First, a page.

The Government argues that the recommendation was the general counsel’s personal property because it was inextricably related to his right to pursue his profession as an attorney. See id., at 34-35. But that argument is clearly wrong: If the general counsel had left the State’s employ before submitting the recommendation, he could not have taken the recommendation with him, and he certainly could not have given it or sold it to someone else. Therefore, it is obvious that the recommendation (and the right to make it) were inextricably related to the general counsel’s position with the government, and not to his broader personal right to pursue the practice of law.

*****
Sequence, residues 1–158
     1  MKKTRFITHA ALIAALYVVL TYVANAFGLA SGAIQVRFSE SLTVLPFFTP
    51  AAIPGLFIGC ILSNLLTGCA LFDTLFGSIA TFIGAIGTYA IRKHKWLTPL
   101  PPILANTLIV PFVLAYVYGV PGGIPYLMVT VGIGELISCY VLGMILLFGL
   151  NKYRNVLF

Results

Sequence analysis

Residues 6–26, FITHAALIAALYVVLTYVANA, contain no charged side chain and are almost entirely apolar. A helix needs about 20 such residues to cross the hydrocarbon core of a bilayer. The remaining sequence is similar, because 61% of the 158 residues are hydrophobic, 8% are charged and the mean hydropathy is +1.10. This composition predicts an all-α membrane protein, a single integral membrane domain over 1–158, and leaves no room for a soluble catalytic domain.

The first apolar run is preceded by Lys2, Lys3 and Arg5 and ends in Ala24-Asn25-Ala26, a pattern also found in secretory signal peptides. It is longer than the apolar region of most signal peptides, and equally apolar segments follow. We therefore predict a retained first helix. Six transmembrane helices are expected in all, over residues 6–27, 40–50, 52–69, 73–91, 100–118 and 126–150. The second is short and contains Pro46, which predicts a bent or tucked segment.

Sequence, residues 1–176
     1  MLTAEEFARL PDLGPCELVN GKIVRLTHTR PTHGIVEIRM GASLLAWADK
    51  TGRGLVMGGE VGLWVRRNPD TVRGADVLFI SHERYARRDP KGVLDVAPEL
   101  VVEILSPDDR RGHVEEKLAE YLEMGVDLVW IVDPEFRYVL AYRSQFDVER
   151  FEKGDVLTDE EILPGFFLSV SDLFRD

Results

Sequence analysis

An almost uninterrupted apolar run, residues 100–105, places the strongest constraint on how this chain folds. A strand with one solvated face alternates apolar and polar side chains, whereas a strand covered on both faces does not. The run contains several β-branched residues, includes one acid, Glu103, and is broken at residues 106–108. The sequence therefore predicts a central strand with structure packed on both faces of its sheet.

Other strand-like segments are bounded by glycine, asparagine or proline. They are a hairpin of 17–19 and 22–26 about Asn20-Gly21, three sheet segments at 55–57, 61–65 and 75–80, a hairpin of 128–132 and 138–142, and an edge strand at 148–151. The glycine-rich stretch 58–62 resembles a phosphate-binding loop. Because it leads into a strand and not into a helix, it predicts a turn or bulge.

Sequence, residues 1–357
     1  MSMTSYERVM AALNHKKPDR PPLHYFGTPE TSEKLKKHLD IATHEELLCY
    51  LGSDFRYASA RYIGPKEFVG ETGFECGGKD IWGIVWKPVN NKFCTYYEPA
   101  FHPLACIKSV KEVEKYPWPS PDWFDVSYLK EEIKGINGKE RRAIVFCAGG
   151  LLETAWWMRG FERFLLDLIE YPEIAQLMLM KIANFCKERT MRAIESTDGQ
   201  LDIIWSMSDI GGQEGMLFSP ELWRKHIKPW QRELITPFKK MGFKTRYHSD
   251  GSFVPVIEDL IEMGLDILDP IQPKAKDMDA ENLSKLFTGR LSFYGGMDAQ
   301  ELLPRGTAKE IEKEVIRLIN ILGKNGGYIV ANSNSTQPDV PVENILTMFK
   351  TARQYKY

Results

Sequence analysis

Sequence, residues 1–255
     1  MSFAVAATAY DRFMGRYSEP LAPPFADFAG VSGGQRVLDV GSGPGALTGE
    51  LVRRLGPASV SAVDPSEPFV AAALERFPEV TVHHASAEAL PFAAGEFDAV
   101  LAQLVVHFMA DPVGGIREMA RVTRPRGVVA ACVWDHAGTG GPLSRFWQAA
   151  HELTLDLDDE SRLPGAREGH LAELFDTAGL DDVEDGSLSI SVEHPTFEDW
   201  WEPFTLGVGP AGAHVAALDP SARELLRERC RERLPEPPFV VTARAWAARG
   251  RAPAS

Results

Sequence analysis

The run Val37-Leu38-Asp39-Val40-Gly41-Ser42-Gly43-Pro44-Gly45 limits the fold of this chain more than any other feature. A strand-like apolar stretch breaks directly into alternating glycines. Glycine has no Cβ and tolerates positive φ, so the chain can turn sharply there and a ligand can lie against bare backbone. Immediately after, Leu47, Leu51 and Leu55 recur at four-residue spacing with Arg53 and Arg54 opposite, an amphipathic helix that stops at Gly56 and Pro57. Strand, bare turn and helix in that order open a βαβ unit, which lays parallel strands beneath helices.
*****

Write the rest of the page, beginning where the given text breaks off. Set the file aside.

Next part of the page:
The general counsel’s job surely had economic value to him, as did his labor as a lawyer, his law license, and his reputation as an attorney. But the indictment did not allege, and the jury did not find, that petitioner attempted to obtain those things. Nor would such a theory make sense in the context of this case. Petitioner did not, for example, seek the general counsel’s legal advice or demand that the general counsel represent him in a legal proceeding. Cf. United States v. Thompson, 647 F. 3d 180, 186-187 (CA5 2011) (a person’s labor is property capable of being extorted). Nor did petitioner attempt to enhance his own ability to compete with the general counsel for legal work by threatening to do something that would, say, tarnish the general counsel’s reputation or cause his law license to be revoked. Cf. Tropiano, 418 F. 2d, at 1071-1072, 1075-1077 (threats to competitor in order to obtain customers constitute extortion); United States v. Zemek, 634 F. 2d 1159, 1173-1174 (CA9 1980) (same); United States v. Coffey, 361 F. Supp. 2d 102, 108-109 (EDNY 2005) (the right to pursue a lawful business is extortable property under the Hobbs Act).